The St. Louis offense went three-and-out to start the game. They punted the ball, Dallas fumbled on the return and St. Louis recovered with prime field position. Rather than capitalizing on the turnover and going into kill mode early, the Rams were forced to punt yet again.
It was all downhill from there. With 18 total yards and only one first down in the entire first half, the Rams fell well behind early on.
Dallas moved the ball with ease thanks to DeMarco Murray, who finished with 203 total yards, and entered halftime with a 17-0 lead.
Dallas scored 24 points before the Rams finally found the end zone with a third-quarter touchdown, but the game was already out of hand.
It was an embarrassing outing for the Rams and deflating loss for the fanbase.
Read on for several takeaways from today's game.
Where has Chris Long been? The Rams have completed three games and the veteran has zero sacks. He has been virtually invisible.
For all his Twitter trash talking, he sure hasn't backed it up on the field this season. I'm wondering if he's even aware that the preseason ended three weeks ago.
Although, Long is not the only veteran who has been nonexistent in 2013.
Cortland Finnegan has been hyped by the Rams marketing department as a franchise player and even had his image plastered on the entrance to the Edward Jones Dome, but apparently the maintenance department will have to get the paint remover ready.
Giving up big, back-breaking plays has recently become a habit for the eight-year veteran, who surrendered yet another touchdown against Dallas.
Finnegan and Long are the leaders on defense. They should be setting the example for the young players. At this point, the only thing the youngsters are learning is how to properly roll over and play dead.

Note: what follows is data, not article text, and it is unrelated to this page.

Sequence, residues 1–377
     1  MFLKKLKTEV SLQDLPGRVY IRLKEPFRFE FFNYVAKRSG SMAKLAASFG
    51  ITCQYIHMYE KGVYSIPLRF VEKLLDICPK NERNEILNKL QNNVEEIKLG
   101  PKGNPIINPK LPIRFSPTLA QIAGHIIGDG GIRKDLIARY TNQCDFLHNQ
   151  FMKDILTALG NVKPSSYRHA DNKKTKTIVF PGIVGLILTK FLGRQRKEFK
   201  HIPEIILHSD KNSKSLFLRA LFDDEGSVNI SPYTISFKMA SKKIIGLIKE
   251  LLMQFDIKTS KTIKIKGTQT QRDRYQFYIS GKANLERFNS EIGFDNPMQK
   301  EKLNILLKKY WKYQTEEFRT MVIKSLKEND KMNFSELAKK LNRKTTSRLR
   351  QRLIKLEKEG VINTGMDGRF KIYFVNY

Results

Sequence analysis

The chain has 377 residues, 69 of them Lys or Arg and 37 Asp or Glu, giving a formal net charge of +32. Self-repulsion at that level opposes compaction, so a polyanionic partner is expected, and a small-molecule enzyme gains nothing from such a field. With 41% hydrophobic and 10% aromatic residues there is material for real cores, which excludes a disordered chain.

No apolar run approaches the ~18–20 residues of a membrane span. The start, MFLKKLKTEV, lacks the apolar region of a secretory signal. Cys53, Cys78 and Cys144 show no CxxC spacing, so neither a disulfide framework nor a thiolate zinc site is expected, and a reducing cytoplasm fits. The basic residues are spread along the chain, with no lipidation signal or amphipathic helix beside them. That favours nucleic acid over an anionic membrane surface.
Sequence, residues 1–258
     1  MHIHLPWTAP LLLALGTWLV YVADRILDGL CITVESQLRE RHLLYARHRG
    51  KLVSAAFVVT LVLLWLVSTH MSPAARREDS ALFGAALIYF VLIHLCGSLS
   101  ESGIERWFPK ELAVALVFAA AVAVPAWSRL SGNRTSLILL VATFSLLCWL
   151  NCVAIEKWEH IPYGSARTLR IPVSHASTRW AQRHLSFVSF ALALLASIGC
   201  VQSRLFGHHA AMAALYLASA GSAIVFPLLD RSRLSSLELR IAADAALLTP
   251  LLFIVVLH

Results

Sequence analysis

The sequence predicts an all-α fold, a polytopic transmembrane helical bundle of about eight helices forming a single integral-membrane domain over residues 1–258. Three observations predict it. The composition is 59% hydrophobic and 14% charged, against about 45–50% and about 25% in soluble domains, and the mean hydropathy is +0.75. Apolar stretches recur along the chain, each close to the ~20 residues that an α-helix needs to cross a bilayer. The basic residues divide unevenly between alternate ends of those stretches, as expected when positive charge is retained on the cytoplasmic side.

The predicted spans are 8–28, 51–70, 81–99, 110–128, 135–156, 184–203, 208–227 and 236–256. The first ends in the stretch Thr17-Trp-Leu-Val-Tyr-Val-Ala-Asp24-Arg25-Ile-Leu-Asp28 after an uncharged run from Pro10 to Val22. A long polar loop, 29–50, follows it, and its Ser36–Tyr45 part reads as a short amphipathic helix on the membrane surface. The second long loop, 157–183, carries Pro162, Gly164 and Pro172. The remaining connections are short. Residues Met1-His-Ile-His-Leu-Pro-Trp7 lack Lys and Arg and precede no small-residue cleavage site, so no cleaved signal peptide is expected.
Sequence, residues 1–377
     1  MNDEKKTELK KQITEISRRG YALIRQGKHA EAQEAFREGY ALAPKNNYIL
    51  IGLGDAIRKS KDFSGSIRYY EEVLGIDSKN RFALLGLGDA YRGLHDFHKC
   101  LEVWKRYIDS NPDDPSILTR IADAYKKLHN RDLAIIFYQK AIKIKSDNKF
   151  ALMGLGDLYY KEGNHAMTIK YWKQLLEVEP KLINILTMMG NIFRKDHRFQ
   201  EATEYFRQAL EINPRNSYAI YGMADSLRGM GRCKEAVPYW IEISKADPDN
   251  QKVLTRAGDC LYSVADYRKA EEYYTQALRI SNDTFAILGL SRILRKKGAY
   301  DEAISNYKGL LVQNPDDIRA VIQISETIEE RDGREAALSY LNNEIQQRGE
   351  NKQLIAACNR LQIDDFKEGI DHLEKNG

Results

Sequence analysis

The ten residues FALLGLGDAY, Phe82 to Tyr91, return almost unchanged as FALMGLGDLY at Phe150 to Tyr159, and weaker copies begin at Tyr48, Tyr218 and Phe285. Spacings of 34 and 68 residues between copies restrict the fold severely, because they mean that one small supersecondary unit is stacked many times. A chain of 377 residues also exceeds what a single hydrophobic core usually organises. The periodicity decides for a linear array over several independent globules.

If key veterans can actually show up to the games, perhaps the Rams will secure their second victory before the month is over.
If not, you can count on general manager Les Snead handing out some pink slips this spring to clear out salary-cap space.
Last year, the Rams finished with a 4-1-1 record against NFC West teams and had a modest 3-7 record against teams outside the division.
This year, St. Louis' single win came against the division rival Arizona Cardinals, while the Rams have dropped their last two games against non-NFC West teams.
Poor play outside the division prevented the Rams from reaching the postseason a year ago, and it appears to once again be an issue for this young St. Louis team.
There are eight non-division games remaining in the season, so there's still plenty of time to balance out the record and improve in that department, but the Rams must learn how to play with tenacity every Sunday.
Cranking up the notch every time a division foe comes to town and playing on Ambien against everyone else is not a recipe for success in this league.
Once again, St. Louis' offense appeared to be playing against a brick wall for the majority of the game.